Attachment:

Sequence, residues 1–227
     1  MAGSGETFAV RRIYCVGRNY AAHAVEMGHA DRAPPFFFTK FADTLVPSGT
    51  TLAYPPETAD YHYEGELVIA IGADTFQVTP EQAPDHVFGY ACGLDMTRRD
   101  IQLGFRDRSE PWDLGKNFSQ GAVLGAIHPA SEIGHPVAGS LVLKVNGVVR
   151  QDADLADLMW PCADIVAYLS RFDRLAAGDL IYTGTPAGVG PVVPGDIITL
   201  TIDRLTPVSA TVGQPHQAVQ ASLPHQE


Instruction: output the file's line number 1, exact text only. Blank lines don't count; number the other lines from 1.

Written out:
Sequence, residues 1–227